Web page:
Fictional Characters, Fictional World

To viewers, the world presented in the opening scenes of Blade Runner is a chaotic future, technology-infested but also run-down, hyper-corporatized and desensitized, and populated by a heterogeneous mix of cultures, languages, people, and images. There is some text to help us make sense of this foreign world, and later on Deckard receives instructions to retire the remaining Replicants that serve to orient us in the plot that unfolds. By the time we meet Rachel’s character, we are acquainted enough with the logic of Blade Runner’s world to understand where she fits within it.
The process of sense-making that the viewer undergoes to become familiarized with the fictional world feels natural, but in reality is the direct and calculated product of a methodically constructed system that the movie builds. As recurring symbols (ex: origami) and images (the geisha ad) prompt viewers to recall earlier scenes, or voiceovers reiterate words to convey Deckard’s recollection, the film ingrains a class of “memories” for the viewers in relation to the fictional world.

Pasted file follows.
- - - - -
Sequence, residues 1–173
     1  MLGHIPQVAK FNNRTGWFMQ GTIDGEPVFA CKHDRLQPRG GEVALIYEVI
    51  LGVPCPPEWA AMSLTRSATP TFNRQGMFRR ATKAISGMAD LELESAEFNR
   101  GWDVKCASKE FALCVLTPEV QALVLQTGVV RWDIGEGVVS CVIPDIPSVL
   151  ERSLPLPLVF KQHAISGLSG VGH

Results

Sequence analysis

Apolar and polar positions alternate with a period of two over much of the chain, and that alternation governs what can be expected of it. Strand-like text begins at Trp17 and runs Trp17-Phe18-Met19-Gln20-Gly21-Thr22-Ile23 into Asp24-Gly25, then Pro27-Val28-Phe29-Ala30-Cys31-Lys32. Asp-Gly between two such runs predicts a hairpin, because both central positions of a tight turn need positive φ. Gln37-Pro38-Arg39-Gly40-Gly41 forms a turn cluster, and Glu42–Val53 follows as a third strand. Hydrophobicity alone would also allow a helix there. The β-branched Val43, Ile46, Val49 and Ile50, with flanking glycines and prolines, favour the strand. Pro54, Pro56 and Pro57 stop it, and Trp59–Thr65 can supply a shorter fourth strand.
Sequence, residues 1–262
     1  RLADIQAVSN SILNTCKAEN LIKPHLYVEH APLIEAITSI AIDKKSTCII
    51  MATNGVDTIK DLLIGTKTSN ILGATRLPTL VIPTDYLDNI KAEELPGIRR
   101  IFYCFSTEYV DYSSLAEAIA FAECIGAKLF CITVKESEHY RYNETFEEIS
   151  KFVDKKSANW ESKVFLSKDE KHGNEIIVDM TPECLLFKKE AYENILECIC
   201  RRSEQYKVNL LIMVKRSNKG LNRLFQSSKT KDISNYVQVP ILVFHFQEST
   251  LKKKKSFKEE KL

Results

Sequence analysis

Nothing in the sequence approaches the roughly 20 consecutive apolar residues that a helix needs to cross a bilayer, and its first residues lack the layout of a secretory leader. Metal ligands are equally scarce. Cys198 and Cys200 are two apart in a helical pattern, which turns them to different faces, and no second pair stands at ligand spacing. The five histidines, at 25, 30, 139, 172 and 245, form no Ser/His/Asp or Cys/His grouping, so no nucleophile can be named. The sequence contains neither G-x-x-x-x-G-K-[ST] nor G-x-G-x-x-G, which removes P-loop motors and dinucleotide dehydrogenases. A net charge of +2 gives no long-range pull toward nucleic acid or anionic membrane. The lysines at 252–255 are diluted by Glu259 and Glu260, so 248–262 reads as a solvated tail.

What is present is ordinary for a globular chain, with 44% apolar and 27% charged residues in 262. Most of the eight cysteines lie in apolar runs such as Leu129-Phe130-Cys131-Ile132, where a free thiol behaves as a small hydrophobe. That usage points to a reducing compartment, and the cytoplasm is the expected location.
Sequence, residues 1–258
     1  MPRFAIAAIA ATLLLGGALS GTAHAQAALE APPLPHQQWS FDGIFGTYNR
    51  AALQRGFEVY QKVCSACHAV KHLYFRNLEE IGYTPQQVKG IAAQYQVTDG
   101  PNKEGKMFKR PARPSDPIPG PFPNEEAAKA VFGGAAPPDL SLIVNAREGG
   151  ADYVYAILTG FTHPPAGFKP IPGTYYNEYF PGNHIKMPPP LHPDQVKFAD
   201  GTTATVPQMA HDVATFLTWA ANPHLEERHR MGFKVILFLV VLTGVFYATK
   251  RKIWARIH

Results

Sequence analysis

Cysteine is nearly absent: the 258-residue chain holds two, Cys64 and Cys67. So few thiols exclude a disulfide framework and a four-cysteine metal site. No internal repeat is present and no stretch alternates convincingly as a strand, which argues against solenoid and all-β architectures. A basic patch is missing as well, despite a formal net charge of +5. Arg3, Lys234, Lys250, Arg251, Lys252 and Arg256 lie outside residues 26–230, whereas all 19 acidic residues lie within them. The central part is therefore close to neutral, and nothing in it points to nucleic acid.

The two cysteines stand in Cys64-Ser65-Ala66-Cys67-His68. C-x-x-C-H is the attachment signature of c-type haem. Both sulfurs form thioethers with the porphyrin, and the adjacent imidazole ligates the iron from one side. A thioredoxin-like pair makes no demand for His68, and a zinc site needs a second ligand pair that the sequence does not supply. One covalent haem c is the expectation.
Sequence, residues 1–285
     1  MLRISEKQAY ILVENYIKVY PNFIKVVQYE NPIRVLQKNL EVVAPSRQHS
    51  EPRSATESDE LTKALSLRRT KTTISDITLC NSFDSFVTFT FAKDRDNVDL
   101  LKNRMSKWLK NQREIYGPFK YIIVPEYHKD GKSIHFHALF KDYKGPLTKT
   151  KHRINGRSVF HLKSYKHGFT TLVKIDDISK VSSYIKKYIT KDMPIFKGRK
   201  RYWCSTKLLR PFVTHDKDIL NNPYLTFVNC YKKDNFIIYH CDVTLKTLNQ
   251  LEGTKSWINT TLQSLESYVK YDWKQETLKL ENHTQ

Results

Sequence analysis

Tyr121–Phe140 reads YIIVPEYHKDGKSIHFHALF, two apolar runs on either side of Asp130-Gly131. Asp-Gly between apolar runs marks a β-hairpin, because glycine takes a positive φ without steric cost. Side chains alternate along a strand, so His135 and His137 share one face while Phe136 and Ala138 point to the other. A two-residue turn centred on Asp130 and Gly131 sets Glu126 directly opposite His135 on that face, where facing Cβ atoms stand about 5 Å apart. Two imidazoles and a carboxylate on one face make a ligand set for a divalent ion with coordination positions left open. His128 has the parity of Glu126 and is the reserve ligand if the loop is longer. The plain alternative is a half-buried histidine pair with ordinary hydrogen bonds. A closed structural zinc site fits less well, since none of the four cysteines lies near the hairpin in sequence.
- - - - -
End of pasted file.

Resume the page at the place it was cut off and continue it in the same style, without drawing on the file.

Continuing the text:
When Rachel discovers that Tyrell implanted her memories, she begins to question herself and all of the preexisting knowledge she holds. At the movie’s final scene, the viewers find themselves in a similar position, implanted strategically with memories of a distinct world, and disoriented by the sudden collapse of this epistemology through the film’s abrupt ending. In truth I am not quite sure what to make sense of this haunting mimetic structure, just as I am not quite sure what to make of what I just watched…


  1. I think this is a really cool point, and that it also ties in extremely well to the questions we had in class about the humanity test – if our memories orient us in the world and provide a coherent complex for meaning, is this what makes the addition of memory to these “fake” characters significant? Why are we so (almost) instinctively obsessed with personal history and its relation to interiority? Maybe the idea that memory/history makes a character understand a world and communicate in it in a way that we can understand is the key to that.

  2. This sort of thought process really makes us question ourselves; how can we sure of who we really are? Is it enough to be able to verify yourself through your own thoughts and your own memories, or do we need the memories of friends and family to really confirm it? How can we be sure that the knowledge we believe to hold is actually that of our own, and that our memory has been carved from the first stone? Blade Runner shows us that we cannot necessarily confirm and truly know, but only assume.

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